In QC Holdings, Inc. v. Allconnect, Inc., C.A. No. 2017-0715-JTL (Del. Ch. August 28, 2018), plaintiff QC Holdings, Inc. (“QC Holdings”), a former stockholder of defendant Allconnect, Inc. (the “Company”), brought a claim against the Company to enforce its right (the “Put Right”) under a Put Agreement to sell its Company shares (the “Put Shares”) to the Company in exchange for $5 million (the “Put Price”). The Company had refused to pay the Put Price on the basis that it was contractually restricted from doing so on the date required under the Put Agreement, and therefore the Put Right was extinguished and never survived a subsequent merger of the Company when those restrictions arguably lifted. The Delaware Court of Chancery held that the Company’s arguments would have resulted in an improper forfeiture of QC Holdings’ contractual rights to the Put Price and that the exercise of the Put Right constituted a redemption of the Put Shares prior to the merger and a continuing contractual obligation by the Company to pay the Put Price. The Court ordered the Company to pay the Put Price to QC Holdings out of an escrow set up at the merger closing for this purpose.
In ChyronHego Corporation, et al., v. Cliff Wight and CFX Holdings, Inc., C.A. No. 2017-0548-SG (Del. Ch. July 31, 2018), the Delaware Court of Chancery granted the defendants’ motion to dismiss the plaintiffs’ claim for extra-contractual fraud on the basis that the stock purchase agreement contained an effective anti-reliance clause that precluded such claim. The Court found that the anti-reliance clause rebutted the common law fraud element of reliance on any extra-contractual representations, as described further below. At the same time, the Court dismissed the defendants’ motion to dismiss claims for fraud and breaches of express representations and warranties under the stock purchase agreement, finding that the plaintiffs had sufficiently pleaded the elements of these claims.
In Richard B. Gamberg 2007 Family Trust v. United Restaurant Group, L.P., C.A. No. 10994-VCMR (Del. Ch. January 26, 2018), the Court of Chancery held that limited partner, Richard B. Gamberg 2007 Family Trust (the “Plaintiff”), failed to meet its burden of proof with respect to various claims against United Restaurant Group L.P. (the “Partnership”), Atlantic Coast Dining, Inc. (the “General Partner”), and the directors/shareholders of the General Partner (the “Shareholder Defendants”; together with the Partnership and the General Partner, the “Defendants”), which included a mistake-based reformation claim, among other breach of contract and breach of fiduciary duty claims.
By order dated August 4, 2017, Vice Chancellor Slights dismissed the complaint seeking to enforce non-compete and non-solicitation provisions in a stockholders’ agreement in EBP Lifestyle Brands Holdings, Inc. v. Boulbain, C.A. No. 2017-0269-JRS (Del. Ch. Aug. 4, 2017), finding that the Delaware Chancery Court lacked personal jurisdiction over the defendant. Specifically, the Court held that defendant’s execution of a stockholders’ agreement governed by Delaware law and concerning a Delaware corporation was insufficient to satisfy the statutory and constitutional requirements to establish personal jurisdiction over an individual not resident or transacting business in Delaware.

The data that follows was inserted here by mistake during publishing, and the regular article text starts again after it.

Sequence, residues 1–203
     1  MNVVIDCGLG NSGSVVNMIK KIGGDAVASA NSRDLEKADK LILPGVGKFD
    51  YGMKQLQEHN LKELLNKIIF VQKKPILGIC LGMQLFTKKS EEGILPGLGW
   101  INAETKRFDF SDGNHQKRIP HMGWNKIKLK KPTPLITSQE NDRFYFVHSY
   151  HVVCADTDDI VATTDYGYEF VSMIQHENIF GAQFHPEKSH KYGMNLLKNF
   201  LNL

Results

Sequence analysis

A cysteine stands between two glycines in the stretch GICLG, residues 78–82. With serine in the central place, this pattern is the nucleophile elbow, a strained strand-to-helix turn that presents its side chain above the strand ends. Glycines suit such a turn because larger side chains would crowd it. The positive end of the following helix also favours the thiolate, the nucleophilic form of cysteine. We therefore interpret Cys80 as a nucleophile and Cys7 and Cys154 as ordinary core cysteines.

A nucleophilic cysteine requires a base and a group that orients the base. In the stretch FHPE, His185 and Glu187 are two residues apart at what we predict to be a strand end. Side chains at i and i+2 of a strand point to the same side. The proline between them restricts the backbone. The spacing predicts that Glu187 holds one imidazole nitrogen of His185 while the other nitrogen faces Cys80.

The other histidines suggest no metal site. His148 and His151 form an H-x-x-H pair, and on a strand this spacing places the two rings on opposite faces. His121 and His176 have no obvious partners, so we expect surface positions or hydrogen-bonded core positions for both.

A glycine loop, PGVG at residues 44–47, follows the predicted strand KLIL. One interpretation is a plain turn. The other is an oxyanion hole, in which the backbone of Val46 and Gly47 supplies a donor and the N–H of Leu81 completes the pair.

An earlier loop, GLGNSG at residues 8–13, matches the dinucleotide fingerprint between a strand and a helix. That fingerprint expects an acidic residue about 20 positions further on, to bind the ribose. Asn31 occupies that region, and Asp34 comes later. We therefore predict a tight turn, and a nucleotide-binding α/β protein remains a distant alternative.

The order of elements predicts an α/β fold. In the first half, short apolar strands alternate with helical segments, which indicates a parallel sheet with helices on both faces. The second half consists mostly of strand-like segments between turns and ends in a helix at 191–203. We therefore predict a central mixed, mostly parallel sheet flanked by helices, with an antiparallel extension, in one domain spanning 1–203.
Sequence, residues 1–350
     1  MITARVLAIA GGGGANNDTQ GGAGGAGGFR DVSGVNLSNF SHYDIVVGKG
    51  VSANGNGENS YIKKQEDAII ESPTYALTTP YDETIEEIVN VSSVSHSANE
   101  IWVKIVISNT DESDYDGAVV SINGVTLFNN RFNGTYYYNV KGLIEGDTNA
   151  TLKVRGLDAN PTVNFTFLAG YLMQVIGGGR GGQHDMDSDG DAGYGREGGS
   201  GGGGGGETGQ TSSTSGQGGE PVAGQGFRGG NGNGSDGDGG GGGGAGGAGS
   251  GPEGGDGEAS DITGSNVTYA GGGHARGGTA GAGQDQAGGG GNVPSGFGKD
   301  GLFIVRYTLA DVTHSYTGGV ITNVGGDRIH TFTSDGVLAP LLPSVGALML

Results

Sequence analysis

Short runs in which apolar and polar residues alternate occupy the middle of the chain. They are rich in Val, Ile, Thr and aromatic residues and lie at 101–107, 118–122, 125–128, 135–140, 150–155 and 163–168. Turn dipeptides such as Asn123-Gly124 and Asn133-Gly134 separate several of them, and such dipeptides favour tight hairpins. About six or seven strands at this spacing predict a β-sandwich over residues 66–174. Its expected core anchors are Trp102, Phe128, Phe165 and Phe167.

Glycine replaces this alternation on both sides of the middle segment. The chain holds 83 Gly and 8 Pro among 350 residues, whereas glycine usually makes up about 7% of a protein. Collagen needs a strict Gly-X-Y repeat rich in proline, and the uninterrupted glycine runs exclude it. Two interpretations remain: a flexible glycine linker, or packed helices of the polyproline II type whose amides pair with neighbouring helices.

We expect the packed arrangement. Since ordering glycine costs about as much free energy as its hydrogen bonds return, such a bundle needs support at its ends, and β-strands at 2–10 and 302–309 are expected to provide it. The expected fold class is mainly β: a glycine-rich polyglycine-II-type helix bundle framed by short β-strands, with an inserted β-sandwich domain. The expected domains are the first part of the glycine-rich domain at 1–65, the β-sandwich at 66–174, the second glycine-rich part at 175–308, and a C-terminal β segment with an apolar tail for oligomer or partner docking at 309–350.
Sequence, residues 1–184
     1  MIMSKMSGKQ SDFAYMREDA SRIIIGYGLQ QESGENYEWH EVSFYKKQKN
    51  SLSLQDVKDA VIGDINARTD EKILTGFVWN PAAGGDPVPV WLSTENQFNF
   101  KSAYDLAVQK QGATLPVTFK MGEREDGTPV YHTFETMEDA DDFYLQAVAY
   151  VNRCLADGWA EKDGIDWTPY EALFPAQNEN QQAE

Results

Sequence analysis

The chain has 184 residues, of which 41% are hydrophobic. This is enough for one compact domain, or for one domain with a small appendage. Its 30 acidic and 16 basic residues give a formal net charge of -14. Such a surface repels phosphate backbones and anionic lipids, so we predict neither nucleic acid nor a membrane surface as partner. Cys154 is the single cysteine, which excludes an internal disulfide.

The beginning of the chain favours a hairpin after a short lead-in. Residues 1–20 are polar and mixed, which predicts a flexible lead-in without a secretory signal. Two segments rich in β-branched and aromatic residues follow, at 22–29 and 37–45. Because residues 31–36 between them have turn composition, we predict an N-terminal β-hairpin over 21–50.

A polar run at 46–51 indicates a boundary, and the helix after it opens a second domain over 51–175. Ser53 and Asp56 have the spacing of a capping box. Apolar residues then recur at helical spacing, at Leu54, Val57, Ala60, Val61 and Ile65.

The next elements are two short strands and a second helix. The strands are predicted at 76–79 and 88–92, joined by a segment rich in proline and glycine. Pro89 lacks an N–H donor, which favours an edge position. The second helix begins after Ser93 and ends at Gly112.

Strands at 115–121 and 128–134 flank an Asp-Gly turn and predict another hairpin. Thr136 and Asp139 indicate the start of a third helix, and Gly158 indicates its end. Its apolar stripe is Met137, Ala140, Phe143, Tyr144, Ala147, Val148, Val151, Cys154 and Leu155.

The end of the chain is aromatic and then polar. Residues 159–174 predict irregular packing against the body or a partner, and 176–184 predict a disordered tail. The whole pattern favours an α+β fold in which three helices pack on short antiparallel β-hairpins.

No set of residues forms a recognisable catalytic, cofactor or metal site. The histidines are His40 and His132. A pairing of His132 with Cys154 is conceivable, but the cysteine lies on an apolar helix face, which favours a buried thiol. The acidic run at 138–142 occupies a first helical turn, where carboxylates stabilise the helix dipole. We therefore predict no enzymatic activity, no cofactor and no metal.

In AM General Holdings LLC v. The Renco Group, Inc., C.A. No. 7639-VCS and The Renco Group, Inc. v. MacAndrews AMG Holdings LLC, C.A. No. 7668-VCS (Del. Ch. May 17, 2017), the Delaware Court of Chancery denied cross-motions for partial summary judgment after reviewing the LLC Agreement of AM General Holdings LLC, which governs the joint venture relationship between Plaintiff, The Renco Group, Inc. (“Renco”), and Defendant, MacAndrews AMG Holdings LLC (“MacAndrews”), both members of AM General Holdings LLC (the “Company”). Renco brought suit against MacAndrews alleging that MacAndrews, the managing member of the Company, caused the Company to distribute $72.8 million to MacAndrews in breach of the Company’s LLC Agreement. Renco contended that, according to the LLC Agreement, the $72.8 million should have been distributed to Renco instead. Both parties pointed to several provisions of the LLC Agreement governing the distribution at issue, and both parties contended that these provisions were clear and unambiguous. After reviewing the provisions, however, the Court determined that the provisions were, in fact, ambiguous and thus, the case could not be disposed of through summary judgment proceedings.
In IAC Search, LLC, v. Conversant LLC (f/k/a ValueClick, Inc.), C.A. No. 11774-CB (Del. Ch. Ct. November 30, 2016) the Chancery Court granted the defendant’s motion to dismiss plaintiff’s fraud claim based on the inclusion of provisions in the purchase agreement that disclaimed reliance on extra-contractual statements that bar plaintiff’s fraud claim. The Court also granted defendant’s motion to dismiss one breach of contract claim, but denied the motion with respect to several other breach of contract claims.
In Cyber Holding LLC v. CyberCore Holding, Inc. (C.A. No. 7369-VCN), the Delaware Court of Chancery (Noble, J.) ruled on a contract dispute over which party is entitled to tax savings in the amount of $1,557,171, resulting from deductions of various transaction expenses during the stub year. In its opinion, the Court reached its conclusion by applying the objective theory of contract construction combined with the consideration of extrinsic evidence in an effort “to ascertain the shared intentions of the parties.” After considering the limited extrinsic evidence available and conducting its analysis of the Agreement, the Court ruled in favor of the seller and held that the Buyer would have to remit the tax savings plus post-judgment interest. The Court rejected the seller’s request for prejudgment interest as the Agreement’s exclusive remedy provision controlled over the default of awarding prejudgment interest.